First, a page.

i just spent all night making this and going to the store for fresh mozzerella, and then just now that it’s popped out of the oven i realize i can’t eat it or i might ingest toxins!
a few months ago i read in a julia child cookbook to get unfinished ceramic tile to cook french bread on in the oven. lowe’s and home depot didn’t have any, so i bought porcelain tiles that looked similar. i’m such a dummi, i realized they have a slight glaze on them! heating them up past 500 degrees and then eating the food on it just sounds like an awful idea. so it’s going to waste but it sure looks great. i like the way you transcribe your recipes.
just made this for the second time with fresh mozz, fresh basil, and pizza sauce and grilled chicken italian sausage from trader joe’s. this is hands down my favorite pizza dough recipe – a perfect blend of crispness with soft tender bread-i-ness.
I made this over the weekend with 1 c. whole wheat flour and 1/2 c. white flour. It was amazing! The honey made the whole wheat dough so tasty with a touch of sweetness. This will definitely be my go-to whole wheat pizza dough recipe.
I had some leftovers screaming pizza and you convinced me to try this crust. WOW. How could such little changes make such big moves. Totally Fab. I topped it with pesto, leftover grilled chicken (shredded off the bone) with a nice smoked paprika rub, some grilled onion, peppers and zuchinni thin a smidge of fresh amish jack cheese. And it beat the Heck out of delivery options here in central Indiana!
I tried this for dinner and it was so, so good! I was hoping to use a Mario Batali pizza recipe, but it called for fresh yeast (which I don’t happen to have lying around). This pizza was so delicious and so simple! Thank you!
Thank you for this recipe and the pictures. This was the first time I made pizza and it turned out great, some of the best pizza I’ve ever had. Warning for other unexperienced bakers, if you use parchment paper, trim the excess around the pizza. I didn’t. Due to the high heat of the oven, the paper not under the pizza turned black and started smoking after 7 minutes. I should have known better. Luckily, the pizza survived. Yum, yum.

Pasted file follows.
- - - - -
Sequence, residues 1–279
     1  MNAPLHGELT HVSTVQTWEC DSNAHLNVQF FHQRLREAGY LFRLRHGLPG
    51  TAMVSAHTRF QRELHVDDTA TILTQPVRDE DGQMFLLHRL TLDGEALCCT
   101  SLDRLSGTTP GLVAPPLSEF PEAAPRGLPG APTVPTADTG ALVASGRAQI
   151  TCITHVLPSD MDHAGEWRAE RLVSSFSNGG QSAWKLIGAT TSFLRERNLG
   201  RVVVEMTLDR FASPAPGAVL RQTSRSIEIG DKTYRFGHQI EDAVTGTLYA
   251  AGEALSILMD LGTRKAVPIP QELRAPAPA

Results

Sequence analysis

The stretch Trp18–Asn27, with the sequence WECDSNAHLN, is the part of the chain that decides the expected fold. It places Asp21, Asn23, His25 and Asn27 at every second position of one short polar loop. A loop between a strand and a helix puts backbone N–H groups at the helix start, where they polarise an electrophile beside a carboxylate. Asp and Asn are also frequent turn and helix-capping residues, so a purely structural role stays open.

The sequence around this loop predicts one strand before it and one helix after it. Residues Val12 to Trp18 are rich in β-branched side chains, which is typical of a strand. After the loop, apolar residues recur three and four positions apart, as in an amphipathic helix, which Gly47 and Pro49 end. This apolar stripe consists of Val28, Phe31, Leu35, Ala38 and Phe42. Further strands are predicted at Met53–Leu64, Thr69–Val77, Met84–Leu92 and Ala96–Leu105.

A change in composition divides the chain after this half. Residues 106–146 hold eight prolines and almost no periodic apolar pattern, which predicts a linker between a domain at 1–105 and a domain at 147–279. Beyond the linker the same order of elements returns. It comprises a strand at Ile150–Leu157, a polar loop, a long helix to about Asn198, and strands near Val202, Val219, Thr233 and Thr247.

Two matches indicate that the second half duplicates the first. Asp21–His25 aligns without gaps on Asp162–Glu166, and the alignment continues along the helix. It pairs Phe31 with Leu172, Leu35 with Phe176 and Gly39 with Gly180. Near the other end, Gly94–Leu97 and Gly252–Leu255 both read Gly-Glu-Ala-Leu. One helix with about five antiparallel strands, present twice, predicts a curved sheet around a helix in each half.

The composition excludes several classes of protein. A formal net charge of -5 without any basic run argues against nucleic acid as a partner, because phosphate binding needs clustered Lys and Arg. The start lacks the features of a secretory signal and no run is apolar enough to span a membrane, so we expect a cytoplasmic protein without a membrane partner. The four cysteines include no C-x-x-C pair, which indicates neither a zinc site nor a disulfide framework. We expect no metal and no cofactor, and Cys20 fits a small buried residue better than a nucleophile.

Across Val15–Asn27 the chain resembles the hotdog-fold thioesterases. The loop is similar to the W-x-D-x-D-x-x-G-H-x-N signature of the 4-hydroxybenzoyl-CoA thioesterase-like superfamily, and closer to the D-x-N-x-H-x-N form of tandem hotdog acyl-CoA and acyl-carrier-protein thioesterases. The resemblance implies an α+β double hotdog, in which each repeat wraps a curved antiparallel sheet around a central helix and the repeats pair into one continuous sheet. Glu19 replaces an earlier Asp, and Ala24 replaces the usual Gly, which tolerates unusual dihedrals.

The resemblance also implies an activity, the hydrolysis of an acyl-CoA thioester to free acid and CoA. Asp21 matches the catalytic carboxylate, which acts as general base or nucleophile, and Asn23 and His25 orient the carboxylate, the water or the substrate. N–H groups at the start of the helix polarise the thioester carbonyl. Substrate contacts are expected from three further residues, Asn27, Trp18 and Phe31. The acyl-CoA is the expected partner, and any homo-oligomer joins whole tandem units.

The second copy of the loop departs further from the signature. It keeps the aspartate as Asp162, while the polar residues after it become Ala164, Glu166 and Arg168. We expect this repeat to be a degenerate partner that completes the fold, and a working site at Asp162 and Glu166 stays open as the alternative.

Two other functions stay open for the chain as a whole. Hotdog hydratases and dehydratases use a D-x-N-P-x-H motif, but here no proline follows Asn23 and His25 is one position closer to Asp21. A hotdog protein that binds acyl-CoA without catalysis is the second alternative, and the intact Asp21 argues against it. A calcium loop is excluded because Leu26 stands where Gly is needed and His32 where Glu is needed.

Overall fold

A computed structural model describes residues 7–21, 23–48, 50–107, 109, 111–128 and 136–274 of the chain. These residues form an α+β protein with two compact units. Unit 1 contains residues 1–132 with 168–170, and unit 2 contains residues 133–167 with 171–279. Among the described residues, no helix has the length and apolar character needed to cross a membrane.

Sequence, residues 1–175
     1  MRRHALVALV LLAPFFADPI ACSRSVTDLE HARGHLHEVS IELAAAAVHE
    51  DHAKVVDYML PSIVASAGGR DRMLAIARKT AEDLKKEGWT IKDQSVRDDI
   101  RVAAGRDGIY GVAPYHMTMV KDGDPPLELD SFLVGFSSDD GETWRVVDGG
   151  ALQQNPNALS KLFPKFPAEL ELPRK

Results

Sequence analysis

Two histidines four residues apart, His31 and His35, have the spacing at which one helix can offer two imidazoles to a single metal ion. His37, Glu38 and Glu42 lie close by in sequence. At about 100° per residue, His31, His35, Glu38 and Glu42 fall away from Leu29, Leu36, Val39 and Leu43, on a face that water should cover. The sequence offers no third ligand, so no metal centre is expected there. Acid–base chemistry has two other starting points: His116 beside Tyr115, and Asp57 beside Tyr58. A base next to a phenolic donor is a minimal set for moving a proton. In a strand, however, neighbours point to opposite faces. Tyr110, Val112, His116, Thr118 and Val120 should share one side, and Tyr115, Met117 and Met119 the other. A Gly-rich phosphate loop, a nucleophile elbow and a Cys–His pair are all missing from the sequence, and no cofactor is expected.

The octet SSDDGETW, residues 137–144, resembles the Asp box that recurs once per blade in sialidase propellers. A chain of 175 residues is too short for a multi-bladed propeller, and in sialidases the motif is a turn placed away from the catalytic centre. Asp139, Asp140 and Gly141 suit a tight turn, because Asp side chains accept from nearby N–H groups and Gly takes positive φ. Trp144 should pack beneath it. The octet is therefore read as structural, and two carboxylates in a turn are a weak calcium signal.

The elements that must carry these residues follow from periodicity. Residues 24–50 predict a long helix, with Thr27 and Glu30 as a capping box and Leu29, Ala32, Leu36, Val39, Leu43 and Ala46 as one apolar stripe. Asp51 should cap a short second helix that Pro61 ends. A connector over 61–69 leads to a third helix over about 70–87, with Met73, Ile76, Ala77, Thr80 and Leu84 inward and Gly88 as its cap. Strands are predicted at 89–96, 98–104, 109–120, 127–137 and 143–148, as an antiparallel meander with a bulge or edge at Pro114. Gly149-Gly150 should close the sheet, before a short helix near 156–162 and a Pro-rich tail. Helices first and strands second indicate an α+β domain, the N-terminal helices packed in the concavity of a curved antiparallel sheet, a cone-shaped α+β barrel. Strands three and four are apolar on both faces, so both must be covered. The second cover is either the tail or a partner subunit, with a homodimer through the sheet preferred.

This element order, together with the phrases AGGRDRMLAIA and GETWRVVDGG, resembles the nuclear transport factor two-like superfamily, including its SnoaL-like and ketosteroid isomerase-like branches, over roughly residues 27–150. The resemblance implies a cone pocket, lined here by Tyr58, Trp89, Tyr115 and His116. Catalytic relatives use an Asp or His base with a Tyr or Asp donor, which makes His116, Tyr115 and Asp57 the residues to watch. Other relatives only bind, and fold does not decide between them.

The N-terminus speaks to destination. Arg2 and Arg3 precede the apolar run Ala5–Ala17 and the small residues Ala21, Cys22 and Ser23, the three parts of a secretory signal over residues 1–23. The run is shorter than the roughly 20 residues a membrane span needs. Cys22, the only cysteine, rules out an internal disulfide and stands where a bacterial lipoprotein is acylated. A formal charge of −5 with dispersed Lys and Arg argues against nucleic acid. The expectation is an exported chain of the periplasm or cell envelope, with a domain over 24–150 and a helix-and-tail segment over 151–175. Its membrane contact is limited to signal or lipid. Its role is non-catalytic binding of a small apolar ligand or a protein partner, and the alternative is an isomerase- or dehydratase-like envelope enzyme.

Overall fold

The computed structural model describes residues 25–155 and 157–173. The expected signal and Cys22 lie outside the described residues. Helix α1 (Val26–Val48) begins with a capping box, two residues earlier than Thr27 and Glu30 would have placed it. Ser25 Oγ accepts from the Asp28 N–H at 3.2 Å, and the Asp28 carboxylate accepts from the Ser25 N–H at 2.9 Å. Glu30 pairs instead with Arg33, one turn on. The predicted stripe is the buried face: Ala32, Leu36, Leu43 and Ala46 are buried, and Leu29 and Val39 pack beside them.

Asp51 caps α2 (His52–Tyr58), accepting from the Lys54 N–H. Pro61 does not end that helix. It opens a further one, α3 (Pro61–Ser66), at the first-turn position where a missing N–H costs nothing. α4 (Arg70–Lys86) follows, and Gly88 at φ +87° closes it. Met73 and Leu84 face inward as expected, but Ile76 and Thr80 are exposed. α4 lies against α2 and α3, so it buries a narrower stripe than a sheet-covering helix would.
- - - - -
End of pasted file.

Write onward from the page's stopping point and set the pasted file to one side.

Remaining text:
Wow- I’ve made this twice in two weeks, and for my money it is the best ever! I have made many different pizza doughs before, but I hated that they were always a little gooey on top under the sauce. Not so this, rolled very thin and baked on parchment on a stone. Mine barely took 7 minutes. The dough has so much flavor, and the sauce, too. Fed it to friends who also loved it, including a 10-year-old boy with a notoriously selective palate!
I’ve tried pizza recipes from the site twice now – the first one was the super simple, and the dough did not rise! barely at all! I kneaded it up again and rolled it out, and it was still pretty tasty, but was difficult to roll out.
The second time, last night, I made one dough all white flour with the wine/honey, and one 2 parts white flour to 1 part wheat flour, and the white flour one rose pretty well, and was much more elastic, but the wheat one didn’t rise at all and would not roll out very much. Maybe my climate requires more water? I’m not sure. How ‘smooth’ and soft should the dough ball be when it’s ready? My wheat one was almost completely dry, and the white was more moist, but still not very.
Kimberly, the same thing is happening to me. Maybe I’m a little early to be panicking, but it’s been almost an hour and my dough hasn’t moved a centimeter. Maybe I killed the yeast? I can’t imagine how. I didn’t use overly hot water. My dough is also really dry, even after adding 3T water. I don’t attribute my problems to the recipe at all. I have this weird problem where yeast commits seppuku upon seeing me, it’s really a bread curse. I’m keeping my fingers crossed on this pizza dough tonight. I’m hungry!
Although I used a store-bought dough last night (I was in a rush) I did make the sauce. I cooked the sauce for about 1 hour as the tomatoes were not at their peak. I was very suspicious as to how the sauce would turn out because I’ve never been successful with italian recipes, especially sauces. Result? Superb!! My husband and I were both stunned at the depth to the sauce. I’m going to make it again tonight and can’t wait! Tomorrow (Saturday) I will make the dough and am very excited about it!